Georges Lamaitre and Albert Enstein first met in 1927 at the 5th Solvay Conference in Brussels. Impressed by the results of Georges' research but not wavered, Einstein said : 'His calculation is correct but the physical part is very bad . ' Later, Einstein regretted the comment and nominated Georges to win the Francqui Prize, the most prestigious scientific research award in Belgium. King Leopold III awarded this award to Georges in 1934. He was also the President of the Pontifical Science Institute until his death in 1966.
In 1931, wanting his theory to be more readable, Georges wrote the article to Arthur Eddington, an English astrophysicist who wanted scientific theories to be approached. He was the announcer and helped explain Einstein's theory of relativity to the English-speaking world when Einstein was still working in Germany.
Eddington translated Georges' work and published it on the 'Monthly Announcement of the Royal Astronomical Society' - a review magazine still exists today. In the translation, there are two missing pages compared to the original works in French. These two pages are the pages about Hubble Constant. That's why many people still associate this constant with Edwin Hubble instead of Georges Lemaitre. It is not clear why these two pages are not in English translation.
After posting this work, Georges himself and the skeptics all realized that there was something missing in the doctrine. The universe continues to expand, but how and when does this expansion process take place?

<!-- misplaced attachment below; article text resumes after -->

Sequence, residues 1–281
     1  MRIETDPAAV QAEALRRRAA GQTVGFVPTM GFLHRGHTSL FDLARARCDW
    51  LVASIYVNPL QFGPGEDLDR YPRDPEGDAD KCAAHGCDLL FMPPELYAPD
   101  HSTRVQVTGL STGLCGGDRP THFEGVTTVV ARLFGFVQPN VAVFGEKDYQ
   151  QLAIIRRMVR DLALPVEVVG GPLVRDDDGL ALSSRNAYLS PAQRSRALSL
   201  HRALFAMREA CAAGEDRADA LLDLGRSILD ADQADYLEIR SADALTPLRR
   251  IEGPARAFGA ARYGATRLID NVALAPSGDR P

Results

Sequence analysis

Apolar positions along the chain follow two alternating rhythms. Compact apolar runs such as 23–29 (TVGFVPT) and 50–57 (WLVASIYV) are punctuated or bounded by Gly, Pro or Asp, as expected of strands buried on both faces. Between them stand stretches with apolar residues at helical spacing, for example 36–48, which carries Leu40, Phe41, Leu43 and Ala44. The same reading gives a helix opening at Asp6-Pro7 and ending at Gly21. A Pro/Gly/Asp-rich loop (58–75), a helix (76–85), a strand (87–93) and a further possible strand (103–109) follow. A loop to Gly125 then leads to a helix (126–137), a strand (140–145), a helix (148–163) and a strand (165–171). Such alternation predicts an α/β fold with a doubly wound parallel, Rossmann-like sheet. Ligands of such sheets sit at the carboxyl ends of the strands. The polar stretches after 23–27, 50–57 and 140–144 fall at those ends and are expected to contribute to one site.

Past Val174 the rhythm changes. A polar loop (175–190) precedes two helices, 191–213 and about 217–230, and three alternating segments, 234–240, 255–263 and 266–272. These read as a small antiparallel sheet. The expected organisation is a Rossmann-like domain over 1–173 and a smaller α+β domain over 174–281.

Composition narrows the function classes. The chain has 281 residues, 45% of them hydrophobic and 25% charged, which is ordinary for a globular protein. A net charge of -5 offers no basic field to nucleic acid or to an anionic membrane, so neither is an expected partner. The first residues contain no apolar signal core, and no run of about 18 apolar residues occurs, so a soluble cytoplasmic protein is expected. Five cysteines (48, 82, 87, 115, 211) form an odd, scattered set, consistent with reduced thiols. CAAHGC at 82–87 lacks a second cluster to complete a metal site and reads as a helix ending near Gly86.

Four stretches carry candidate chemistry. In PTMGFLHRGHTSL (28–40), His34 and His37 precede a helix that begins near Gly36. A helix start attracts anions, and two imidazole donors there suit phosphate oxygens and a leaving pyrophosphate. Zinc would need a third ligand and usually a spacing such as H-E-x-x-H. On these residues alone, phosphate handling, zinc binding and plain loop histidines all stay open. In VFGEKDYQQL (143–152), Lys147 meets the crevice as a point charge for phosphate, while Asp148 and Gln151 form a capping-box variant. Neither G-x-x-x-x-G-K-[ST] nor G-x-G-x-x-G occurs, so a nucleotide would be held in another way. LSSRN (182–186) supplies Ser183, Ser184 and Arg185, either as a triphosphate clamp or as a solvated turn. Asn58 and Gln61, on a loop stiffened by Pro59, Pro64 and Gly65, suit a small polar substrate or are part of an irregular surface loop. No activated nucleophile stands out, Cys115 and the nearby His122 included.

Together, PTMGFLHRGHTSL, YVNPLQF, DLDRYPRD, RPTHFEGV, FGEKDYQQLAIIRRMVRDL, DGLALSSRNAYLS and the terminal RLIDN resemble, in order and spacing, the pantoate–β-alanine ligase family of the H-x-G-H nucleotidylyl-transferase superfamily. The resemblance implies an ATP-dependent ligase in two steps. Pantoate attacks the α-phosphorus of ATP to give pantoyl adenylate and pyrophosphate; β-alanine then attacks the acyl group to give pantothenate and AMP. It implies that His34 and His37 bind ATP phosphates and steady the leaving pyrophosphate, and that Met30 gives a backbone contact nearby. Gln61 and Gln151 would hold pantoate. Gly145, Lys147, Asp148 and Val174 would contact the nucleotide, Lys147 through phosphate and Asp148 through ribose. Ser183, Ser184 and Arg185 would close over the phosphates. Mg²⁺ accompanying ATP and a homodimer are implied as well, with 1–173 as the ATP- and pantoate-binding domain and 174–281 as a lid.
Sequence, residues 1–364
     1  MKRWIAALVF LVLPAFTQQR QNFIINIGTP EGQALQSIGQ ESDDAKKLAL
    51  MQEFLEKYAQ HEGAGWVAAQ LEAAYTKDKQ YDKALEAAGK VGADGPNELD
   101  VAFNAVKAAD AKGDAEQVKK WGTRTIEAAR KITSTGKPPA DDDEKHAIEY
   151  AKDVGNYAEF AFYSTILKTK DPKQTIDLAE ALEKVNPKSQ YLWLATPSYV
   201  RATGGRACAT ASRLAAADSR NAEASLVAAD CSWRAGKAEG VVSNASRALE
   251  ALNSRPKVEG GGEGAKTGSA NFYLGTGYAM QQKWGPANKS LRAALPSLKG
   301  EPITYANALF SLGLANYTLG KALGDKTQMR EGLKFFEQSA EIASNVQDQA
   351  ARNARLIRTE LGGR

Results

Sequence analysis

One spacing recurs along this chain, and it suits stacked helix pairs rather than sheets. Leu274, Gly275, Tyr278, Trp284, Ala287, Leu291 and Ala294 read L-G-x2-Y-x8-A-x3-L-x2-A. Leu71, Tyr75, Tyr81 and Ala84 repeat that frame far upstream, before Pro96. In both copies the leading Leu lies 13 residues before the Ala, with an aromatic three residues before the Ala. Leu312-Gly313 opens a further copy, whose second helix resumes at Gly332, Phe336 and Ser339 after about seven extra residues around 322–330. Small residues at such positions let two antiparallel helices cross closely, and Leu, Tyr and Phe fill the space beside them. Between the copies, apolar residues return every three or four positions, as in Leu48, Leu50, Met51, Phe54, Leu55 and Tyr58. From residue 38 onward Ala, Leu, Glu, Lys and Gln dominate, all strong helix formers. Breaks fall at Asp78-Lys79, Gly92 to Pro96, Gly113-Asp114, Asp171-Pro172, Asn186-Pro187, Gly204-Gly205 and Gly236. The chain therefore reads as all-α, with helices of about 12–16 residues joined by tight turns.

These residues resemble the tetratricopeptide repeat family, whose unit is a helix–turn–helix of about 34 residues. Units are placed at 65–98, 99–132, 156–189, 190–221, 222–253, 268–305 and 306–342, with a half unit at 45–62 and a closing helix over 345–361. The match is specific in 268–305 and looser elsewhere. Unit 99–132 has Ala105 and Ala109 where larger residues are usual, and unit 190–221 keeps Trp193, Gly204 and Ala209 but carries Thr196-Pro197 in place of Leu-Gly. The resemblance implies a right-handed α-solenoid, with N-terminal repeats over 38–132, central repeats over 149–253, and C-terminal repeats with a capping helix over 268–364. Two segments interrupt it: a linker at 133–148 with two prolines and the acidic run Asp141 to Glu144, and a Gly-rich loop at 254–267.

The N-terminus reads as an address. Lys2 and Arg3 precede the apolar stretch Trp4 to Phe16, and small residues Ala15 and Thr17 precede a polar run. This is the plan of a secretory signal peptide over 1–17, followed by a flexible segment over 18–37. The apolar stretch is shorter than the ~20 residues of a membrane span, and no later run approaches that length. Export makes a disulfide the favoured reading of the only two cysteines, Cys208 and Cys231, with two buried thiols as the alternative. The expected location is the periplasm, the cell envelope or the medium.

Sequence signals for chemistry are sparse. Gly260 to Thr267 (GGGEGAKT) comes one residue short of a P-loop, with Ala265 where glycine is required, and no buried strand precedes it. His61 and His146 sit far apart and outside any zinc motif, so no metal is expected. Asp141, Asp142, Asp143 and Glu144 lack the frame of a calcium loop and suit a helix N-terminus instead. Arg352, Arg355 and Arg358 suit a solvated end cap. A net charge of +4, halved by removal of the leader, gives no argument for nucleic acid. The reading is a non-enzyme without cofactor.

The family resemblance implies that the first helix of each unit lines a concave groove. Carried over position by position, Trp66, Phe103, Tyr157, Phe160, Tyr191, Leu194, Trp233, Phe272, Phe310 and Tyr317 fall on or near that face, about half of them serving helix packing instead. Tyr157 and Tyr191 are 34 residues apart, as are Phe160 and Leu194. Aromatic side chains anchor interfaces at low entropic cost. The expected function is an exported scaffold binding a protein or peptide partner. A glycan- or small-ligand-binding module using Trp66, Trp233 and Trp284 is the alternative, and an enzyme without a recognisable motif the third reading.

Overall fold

This question confused Georges, but he continued to ask questions and answer. Just a few months later, using Eddington's 1931 presentation on the end of the universe as a guide, Georges came up with another breakthrough theory. On May 9, 1931, in a letter to Nature (still active today), Georges wrote:
'If the world starts with a single quantum, the idea of space and time will have no meaning at the beginning. Space and time will only begin to make sense when the original quantum is divided into enough quantum numbers. If this is true, the origin of the world has taken place just before the beginning of space and time. '
This was introduced by Georges in a series of essays entitled 'Early Atomic' in 1950, in which he considered the beginning as 'now without yesterday' (also known as 'the day without yesterday'). . This is the basis of this 'Big Bang Theory' after some other scientists supplemented the theory of Georges.
Many people at that time disagreed with this original doctrine. They think that because of being a priest, Georges was influenced by religion in scientific research. In fact, Pope Pious XII in 1952 declared the Big Bang Theory affirming the notion of 'supreme creator' and therefore, in accordance with Catholic dogma.
Georges did not appreciate this pope's view and vehemently argued with the Pope on this issue. He wanted the Pope to not use his work to reason for messianism and wanted his work to stand alone, unrelated to religious ideas.
Despite conflict, Georges detailed all these doctrines in detail at an audience at the California Institute of Technology in Pasadena in 1933. His theory holds that when the first atom exploded, it would create time and space and then expand the universe.
When Georges finished his presentation and was praised by Einstein, New York Times journalist Duncan Aikman reported about the conference, taking photos of two accompanying scientists commenting: 'They respect and admire each other'.
In the article about the conference, Aikman wrote: 'Georges Lemaitre said again and again in this country that there is no conflict between religion and science. His view was interesting and important not because he was a Catholic priest, nor because he was one of the leading mathematicians of our time, but because of both.